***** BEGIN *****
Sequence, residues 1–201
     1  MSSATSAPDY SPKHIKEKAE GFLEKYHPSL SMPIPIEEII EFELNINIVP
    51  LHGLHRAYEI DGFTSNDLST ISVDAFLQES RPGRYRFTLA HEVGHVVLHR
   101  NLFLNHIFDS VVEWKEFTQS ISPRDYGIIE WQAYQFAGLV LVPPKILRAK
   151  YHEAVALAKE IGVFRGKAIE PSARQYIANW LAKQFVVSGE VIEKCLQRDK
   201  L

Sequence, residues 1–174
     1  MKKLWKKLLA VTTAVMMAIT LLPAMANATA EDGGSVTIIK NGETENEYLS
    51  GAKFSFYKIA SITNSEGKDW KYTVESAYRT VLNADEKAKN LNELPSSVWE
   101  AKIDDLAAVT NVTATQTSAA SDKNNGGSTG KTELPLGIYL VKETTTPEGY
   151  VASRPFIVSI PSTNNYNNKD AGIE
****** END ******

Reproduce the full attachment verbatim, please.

Sequence, residues 1–201
     1  MSSATSAPDY SPKHIKEKAE GFLEKYHPSL SMPIPIEEII EFELNINIVP
    51  LHGLHRAYEI DGFTSNDLST ISVDAFLQES RPGRYRFTLA HEVGHVVLHR
   101  NLFLNHIFDS VVEWKEFTQS ISPRDYGIIE WQAYQFAGLV LVPPKILRAK
   151  YHEAVALAKE IGVFRGKAIE PSARQYIANW LAKQFVVSGE VIEKCLQRDK
   201  L

Sequence, residues 1–174
     1  MKKLWKKLLA VTTAVMMAIT LLPAMANATA EDGGSVTIIK NGETENEYLS
    51  GAKFSFYKIA SITNSEGKDW KYTVESAYRT VLNADEKAKN LNELPSSVWE
   101  AKIDDLAAVT NVTATQTSAA SDKNNGGSTG KTELPLGIYL VKETTTPEGY
   151  VASRPFIVSI PSTNNYNNKD AGIE